Curated by Zeppelin and Co and arranged by DITA Audio: 3 individuals go on their own parallel journeys to show us what it means to chase the Dream. This week, we spotlight Jilian (@Jiliansummers) a 23 year old singer-songwriter. Armed with an unflappable work ethic and a golden voice, she holds emotional resonance at the heart of her ethos, focusing on how music can serve as a binding agent between separate human lives.
We met Jilian in Zeppelin and Co. to find out more about her singing journey, one that officially began when she was 13 through the Destiny Music Awards, a local music award that seeks to highlight and groom young musical talent.
“We went through an audition and interview before we were shortlisted.” She says, describing her experience with the competition, “In the weeks to the competition there were workshops to help us along and a whole makeover for our final performance!”
Her competition experience served as an eye-opener and culminated with her winning credits from a local music equipment store, where she bought most of her recording equipment—her microphone, a mic stand, a pop filter, wires and software
“We weren’t so internet-savvy back then so our strategy was to walk in empty-handed, ask tons of questions and get recommendations.”
Jilian says that this initial rig remains largely unchanged and is what she uses to record her songs even today.
Between Fate and Hard Work
Jilian considers herself lucky to be pursuing a career in singing under fairly auspicious circumstances, being born with a talent for singing, winning recording equipment at 13, having a supportive mother and, presently, a steady stream of gigs.
When asked if fate had a bigger part to play than hard work, Jilian answered candidly.
“For my whole secondary school life, for about four to six years, there was a lot of doing free gigs, reaching out to random contacts that I find on random event websites and coordinating everything from there. I did that for a good four years without any pay.”
“Maybe fate had a part to play, perhaps if I was born with a different heart, I wouldn’t have come so far.” She concedes, but ultimately it was only after this period of trial by fire that the tables finally turned and clients started to seek her out instead.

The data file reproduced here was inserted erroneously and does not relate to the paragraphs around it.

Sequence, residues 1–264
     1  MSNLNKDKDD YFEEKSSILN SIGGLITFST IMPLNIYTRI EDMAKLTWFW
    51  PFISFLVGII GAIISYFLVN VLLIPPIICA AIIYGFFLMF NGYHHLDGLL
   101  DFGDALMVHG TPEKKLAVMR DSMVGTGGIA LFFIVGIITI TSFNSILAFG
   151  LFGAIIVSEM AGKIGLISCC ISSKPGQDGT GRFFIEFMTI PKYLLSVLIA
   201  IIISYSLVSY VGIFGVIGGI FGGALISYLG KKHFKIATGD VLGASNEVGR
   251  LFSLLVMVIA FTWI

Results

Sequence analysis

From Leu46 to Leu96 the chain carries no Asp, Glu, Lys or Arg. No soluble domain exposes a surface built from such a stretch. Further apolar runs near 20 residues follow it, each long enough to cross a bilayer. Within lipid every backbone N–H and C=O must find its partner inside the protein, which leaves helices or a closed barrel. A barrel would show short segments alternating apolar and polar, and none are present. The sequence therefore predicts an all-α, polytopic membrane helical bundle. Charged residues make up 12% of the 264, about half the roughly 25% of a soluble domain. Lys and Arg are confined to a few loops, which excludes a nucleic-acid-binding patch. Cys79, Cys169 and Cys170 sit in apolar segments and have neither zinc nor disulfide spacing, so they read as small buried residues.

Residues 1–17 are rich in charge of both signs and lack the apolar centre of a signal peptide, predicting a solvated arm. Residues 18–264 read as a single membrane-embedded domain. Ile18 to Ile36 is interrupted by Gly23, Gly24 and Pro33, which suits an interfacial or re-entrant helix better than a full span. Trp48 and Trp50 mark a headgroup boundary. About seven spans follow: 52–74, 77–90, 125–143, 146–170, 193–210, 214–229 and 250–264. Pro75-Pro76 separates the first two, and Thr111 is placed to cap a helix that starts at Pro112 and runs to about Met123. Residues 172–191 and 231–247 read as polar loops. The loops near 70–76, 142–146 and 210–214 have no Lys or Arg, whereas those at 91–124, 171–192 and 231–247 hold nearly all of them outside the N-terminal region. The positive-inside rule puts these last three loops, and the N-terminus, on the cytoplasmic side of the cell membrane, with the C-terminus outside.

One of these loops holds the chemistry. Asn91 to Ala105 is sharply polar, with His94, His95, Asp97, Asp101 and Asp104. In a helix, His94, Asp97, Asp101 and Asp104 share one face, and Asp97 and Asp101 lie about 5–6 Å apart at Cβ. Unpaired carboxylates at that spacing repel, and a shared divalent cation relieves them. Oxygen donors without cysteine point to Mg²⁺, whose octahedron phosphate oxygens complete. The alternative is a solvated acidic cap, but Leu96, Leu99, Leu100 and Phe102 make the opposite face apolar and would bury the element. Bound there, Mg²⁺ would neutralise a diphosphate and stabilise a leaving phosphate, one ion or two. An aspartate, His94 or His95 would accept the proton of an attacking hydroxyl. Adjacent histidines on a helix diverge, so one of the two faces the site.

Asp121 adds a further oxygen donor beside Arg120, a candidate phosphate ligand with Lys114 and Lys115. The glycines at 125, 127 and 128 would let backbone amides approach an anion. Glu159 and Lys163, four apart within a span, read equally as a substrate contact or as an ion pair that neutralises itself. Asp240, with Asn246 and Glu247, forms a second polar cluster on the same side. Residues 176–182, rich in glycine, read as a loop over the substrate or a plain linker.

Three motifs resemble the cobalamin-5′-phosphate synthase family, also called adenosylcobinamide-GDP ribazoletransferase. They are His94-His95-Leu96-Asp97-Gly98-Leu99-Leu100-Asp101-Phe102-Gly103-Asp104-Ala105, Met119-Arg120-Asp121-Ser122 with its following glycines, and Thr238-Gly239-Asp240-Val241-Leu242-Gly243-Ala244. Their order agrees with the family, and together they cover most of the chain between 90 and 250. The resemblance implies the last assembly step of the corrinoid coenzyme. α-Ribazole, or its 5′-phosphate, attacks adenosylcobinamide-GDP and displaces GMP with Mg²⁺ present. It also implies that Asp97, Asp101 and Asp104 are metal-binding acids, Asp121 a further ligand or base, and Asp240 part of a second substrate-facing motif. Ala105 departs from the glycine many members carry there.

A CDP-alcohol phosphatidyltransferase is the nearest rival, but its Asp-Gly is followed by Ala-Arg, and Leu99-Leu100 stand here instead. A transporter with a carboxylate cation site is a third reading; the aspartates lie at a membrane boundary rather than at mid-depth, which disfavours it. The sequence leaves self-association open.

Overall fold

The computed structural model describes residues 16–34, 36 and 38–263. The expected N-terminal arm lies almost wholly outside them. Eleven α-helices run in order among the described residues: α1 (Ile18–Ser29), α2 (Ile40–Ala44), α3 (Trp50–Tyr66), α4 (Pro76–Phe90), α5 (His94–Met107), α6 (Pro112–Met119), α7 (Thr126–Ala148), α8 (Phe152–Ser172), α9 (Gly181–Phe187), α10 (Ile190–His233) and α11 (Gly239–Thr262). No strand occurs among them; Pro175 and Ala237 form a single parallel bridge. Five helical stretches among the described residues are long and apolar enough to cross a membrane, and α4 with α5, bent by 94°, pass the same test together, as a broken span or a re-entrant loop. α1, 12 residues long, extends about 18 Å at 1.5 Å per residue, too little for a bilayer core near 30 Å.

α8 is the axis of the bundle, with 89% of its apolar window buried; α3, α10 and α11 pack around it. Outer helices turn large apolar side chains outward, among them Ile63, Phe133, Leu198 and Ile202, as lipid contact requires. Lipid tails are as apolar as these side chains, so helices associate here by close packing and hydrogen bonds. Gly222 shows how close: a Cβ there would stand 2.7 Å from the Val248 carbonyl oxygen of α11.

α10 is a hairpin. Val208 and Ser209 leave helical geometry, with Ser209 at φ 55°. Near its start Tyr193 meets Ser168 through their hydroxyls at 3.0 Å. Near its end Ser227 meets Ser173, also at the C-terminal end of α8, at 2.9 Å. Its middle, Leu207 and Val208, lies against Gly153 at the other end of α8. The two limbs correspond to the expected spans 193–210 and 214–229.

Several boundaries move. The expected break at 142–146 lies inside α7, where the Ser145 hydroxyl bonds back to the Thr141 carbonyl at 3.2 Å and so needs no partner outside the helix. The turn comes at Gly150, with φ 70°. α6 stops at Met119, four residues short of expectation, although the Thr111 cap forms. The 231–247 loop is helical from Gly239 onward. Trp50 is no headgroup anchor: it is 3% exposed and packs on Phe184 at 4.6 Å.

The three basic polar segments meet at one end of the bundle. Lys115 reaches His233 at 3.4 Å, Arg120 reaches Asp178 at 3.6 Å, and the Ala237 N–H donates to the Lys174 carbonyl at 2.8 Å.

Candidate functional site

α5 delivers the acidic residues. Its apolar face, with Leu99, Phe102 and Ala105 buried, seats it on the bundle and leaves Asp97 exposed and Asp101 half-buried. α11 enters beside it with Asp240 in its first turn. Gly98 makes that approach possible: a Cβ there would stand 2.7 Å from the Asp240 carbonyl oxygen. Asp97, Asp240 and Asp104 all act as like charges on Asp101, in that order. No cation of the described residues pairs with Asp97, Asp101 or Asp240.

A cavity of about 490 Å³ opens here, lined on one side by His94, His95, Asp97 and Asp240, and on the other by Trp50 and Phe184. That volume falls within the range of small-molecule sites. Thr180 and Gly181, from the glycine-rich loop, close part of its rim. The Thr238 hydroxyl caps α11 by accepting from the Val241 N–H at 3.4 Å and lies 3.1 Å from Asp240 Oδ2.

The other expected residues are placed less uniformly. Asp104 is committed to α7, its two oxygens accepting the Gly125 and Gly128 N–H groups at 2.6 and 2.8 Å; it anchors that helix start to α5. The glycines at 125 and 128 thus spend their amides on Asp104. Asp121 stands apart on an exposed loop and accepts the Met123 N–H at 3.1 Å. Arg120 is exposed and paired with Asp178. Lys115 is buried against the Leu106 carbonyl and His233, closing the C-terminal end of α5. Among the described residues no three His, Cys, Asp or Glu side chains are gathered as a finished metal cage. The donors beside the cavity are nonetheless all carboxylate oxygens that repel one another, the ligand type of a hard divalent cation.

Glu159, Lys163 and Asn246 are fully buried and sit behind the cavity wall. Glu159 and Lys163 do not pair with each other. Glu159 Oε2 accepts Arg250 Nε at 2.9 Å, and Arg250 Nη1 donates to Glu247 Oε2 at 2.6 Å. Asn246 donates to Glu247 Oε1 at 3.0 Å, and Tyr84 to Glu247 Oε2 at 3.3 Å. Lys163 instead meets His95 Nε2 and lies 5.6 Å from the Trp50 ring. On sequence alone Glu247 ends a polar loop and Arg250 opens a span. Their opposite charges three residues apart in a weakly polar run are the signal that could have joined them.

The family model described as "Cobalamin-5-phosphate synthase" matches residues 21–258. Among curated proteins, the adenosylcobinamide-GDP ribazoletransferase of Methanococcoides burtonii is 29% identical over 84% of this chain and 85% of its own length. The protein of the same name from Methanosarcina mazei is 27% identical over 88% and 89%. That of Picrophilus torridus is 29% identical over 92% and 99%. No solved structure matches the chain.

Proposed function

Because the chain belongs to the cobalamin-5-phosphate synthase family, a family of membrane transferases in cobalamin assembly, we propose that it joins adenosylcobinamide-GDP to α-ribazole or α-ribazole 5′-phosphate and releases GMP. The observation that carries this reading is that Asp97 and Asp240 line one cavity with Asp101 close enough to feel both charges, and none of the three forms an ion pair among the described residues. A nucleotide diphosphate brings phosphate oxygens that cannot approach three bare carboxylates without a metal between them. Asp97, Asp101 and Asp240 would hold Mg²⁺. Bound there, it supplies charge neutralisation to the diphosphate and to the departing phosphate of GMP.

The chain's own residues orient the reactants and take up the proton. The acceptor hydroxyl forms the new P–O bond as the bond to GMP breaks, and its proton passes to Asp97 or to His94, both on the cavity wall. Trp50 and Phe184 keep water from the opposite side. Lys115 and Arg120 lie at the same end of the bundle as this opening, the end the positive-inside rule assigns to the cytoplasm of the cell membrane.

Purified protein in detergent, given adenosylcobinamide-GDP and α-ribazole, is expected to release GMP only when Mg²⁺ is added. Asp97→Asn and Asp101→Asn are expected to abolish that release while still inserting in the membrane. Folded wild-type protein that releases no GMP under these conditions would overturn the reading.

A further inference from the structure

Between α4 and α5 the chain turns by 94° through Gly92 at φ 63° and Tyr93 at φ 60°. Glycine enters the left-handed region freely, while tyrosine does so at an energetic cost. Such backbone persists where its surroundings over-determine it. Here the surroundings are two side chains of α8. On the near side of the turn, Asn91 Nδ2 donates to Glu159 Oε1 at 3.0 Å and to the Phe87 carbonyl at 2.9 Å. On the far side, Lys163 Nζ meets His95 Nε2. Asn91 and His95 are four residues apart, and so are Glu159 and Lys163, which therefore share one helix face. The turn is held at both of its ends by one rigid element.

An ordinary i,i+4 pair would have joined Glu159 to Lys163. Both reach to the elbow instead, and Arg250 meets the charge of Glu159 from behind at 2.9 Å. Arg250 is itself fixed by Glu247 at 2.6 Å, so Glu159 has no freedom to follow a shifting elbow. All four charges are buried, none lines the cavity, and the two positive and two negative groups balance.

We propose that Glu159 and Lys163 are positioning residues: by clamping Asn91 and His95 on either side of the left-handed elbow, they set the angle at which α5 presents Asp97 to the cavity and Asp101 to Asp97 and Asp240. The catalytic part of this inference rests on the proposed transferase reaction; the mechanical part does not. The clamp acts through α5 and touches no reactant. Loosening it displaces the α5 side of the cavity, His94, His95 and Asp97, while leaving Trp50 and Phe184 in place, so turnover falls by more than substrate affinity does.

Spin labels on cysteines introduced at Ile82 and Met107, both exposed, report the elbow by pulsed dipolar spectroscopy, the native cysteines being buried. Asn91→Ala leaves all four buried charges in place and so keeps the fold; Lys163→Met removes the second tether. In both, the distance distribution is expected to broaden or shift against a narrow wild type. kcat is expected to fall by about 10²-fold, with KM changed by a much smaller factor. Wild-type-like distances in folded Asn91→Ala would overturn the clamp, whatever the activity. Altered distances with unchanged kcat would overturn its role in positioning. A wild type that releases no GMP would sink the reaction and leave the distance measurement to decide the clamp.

“A lot of it was pretty tough.”
Hard work seems to be a common characteristic among performers and artists who finally find themselves in the public eye, where they are subjected to scrutiny and criticism, both from audiences and themselves. Jilian is no exception to this rule, she used to be her own harshest critic.
“I used to be a big perfectionist.” she says, recalling how minor hiccups during a song would often lead her to firmly believe that the rest of the performance was ruined, a mindset she would have to work at correcting in the years to come.
“But you get used to making errors as a newbie, you develop a thick skin and you learn to let it go. I’m still learning to be less tough on myself especially when people I know are watching, but you learn... One step at a time.”
Doubts and self-criticism of a slightly different sort creep into other areas of her life, where her camera-shy nature made it extremely difficult for her to upload covers on Youtube. “For my first few songs I just put a picture and played the audio behind it.” She says of her Youtube activity. The lack of video was not for a lack of trying either, she makes a habit of filming, editing and uploading videos, “ I post it, but 5 minutes later I put it back to private, so… that’s my biggest hurdle since 15.”